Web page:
The Fukushima Daiichi nuclear disaster was a series of equipment failures, nuclear meltdowns and releases of radioactive materials at the Fukushima nuclear power plant in northeastern Japan, following a devastating earthquake and tsunami on March 11, 2011, which claimed nearly 19,000 lives.
Japan is now looking to dump the treated radioactive waste water into the sea, stirring debates and boycotts at home and abroad.
The city is only right to maintain its import ban against fishery products from 10 prefectures as latest phase of releasing Fukushima treated nuclear waste water begins.
Chinese authorities have failed to renew the relevant paperwork for the export of Japanese nishikigoi carp.
Defence and maritime security cooperation – and US$6.3 billion worth of investment – were also discussed during the Japanese prime minister’s visit to Malaysia at the weekend.
China’s seafood ban and reports of its impact on the Japanese fishing industry may have tempered local criticism of the water release and encouraged people to eat more seafood from Fukushima.
The Fukushima nuclear plant expects to release 7,800 tons of treated water into the ocean, between now and November 20 – the same amount as the first two rounds of discharges.
Secretary for Environment and Ecology Tse Chin-wan stresses ban in response to Japan’s radioactive waste water discharge important for protecting residents’ health.
Top Japanese diplomat Okada Kenichi says it’s ‘heartbreaking’ to hear Japanese businesses in Hong Kong say sales have dropped ‘because of rumours’.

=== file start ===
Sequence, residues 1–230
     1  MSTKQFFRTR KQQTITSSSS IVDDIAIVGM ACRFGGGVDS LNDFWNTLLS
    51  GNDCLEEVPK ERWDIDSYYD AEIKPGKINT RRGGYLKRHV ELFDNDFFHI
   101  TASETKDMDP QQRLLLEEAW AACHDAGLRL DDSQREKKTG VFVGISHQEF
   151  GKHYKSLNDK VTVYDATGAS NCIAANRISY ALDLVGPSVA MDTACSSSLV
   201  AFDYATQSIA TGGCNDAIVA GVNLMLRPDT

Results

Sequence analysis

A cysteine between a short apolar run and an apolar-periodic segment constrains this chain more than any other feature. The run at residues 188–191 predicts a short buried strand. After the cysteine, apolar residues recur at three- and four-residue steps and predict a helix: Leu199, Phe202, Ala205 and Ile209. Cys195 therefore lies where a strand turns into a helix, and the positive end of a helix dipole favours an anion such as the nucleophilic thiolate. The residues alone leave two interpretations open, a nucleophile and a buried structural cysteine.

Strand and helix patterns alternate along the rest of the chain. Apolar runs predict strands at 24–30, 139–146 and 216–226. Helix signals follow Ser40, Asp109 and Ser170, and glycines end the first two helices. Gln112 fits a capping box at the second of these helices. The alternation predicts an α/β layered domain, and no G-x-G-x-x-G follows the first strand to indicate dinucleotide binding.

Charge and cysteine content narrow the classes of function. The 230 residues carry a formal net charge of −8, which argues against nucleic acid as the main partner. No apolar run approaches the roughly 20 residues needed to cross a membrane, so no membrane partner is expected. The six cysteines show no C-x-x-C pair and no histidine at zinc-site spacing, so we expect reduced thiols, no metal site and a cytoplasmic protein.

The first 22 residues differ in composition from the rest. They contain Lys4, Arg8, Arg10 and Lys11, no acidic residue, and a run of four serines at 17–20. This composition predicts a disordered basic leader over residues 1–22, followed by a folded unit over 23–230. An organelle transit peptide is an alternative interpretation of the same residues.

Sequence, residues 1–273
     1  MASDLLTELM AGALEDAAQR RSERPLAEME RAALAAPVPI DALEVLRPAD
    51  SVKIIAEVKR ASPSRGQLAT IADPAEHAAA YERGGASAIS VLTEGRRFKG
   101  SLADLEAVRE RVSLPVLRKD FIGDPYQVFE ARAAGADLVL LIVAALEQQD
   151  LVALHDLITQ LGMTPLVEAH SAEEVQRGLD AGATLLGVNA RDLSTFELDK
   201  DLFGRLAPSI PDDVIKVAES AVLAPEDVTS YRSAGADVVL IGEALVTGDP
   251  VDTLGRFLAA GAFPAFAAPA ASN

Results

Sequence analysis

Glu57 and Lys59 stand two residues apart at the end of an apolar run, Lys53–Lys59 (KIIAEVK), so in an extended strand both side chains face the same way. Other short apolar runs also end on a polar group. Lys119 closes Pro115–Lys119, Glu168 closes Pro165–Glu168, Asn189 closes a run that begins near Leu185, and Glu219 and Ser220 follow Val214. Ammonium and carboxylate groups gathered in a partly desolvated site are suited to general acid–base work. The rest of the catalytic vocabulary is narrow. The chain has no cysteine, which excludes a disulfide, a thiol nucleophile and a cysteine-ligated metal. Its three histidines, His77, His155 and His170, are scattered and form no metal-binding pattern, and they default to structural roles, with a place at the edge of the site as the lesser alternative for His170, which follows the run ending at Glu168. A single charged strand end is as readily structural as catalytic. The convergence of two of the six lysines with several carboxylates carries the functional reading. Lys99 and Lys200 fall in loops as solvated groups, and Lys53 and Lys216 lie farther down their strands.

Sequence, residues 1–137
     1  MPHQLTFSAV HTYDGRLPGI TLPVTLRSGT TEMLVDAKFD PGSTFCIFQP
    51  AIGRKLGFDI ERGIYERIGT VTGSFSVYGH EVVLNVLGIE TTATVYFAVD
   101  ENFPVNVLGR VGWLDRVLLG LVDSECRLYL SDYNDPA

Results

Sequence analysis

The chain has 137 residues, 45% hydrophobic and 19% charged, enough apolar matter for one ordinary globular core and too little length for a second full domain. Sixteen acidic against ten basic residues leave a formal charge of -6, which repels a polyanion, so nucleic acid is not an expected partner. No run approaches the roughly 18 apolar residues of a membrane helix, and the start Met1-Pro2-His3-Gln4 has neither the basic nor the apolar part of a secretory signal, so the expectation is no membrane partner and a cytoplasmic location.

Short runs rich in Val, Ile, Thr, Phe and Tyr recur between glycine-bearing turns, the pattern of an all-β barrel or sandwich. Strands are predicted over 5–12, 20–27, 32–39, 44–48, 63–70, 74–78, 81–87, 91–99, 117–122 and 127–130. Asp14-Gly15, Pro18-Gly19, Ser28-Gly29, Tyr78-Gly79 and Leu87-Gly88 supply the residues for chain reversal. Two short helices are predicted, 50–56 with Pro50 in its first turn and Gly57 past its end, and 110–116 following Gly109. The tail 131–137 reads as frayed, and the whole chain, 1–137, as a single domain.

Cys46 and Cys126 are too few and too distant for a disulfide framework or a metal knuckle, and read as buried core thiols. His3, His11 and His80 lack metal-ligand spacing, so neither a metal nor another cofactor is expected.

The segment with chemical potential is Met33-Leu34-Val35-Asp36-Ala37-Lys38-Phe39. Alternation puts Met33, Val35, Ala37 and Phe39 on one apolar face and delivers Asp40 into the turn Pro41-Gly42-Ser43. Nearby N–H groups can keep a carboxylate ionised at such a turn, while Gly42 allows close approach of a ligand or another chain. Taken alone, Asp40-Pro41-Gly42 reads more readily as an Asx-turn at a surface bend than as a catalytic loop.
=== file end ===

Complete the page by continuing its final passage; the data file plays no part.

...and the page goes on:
The first purchase of seafood by the US under the scheme involves just shy of a tonne of scallops – a tiny fraction of more than 100,000 tonnes of scallops that Japan exported to mainland China last year.
G7 countries have called for an “immediate repeal” of import curbs on Japanese food products, in reference to China’s restrictions.
The incident occurred when a group of workers was cleaning the piping at a waste water filtering facility that is key to the treatment of the radioactive waste water.
Ambassador Rahm Emanuel accuses Beijing, which has banned import of Japanese fish, of a double standard, saying China is fishing in the same waters.
IAEA to test water, sediment and seafood after second discharge from stricken plant, in the first inter-lab marine mission to include a Chinese lab.
Japan’s foreign ministry said it would ‘strongly demand’ the withdrawal of import restrictions Russia introduced nearly two months after the tsunami-wrecked Fukushima nuclear plant started releasing waste water.
Japan is stepping up promotions of its seafood products in Southeast Asia but some consumers remain sceptical about Tokyo’s food-safety assurances post-Fukushima.
Chinese tourists in Japan are enjoying sushi and have brushed off concerns about the safety of Japanese seafood imports.
The crippled nuclear plant’s operator Tepco will release 7,800 tonnes of treated radioactive water into the Pacific Ocean over 17 days.
Secretary for Environment and Ecology Tse Chin-wan says ‘ball is in their court’, over whether Tokyo will stop discharge or provide clarity on matter.
Questions over discharged waste water leave eateries struggling to persuade patrons to return.
A spokesman for Pyongyang’s nuclear industry described an IAEA resolution calling for the North to curb its nuclear programmes as a ‘result of conspiracy’ by the US and its allies.
Prime Minister Manasseh Sogavare called on Japan to find other options and warned of effects on his South Pacific archipelago.
From radiation readings at the Fukushima power plant not adding up to Singapore dethroning Hong Kong as the world’s freest economy, here are a few highlights from SCMP’s recent reporting.
The Thursday vote comes three weeks after opposition leader Lee Jae-myung began a hunger strike to protest a decline of democracy in the country.
Discharge data logs indicate a reoccurring difference in incoming seawater and outgoing diluted waste water.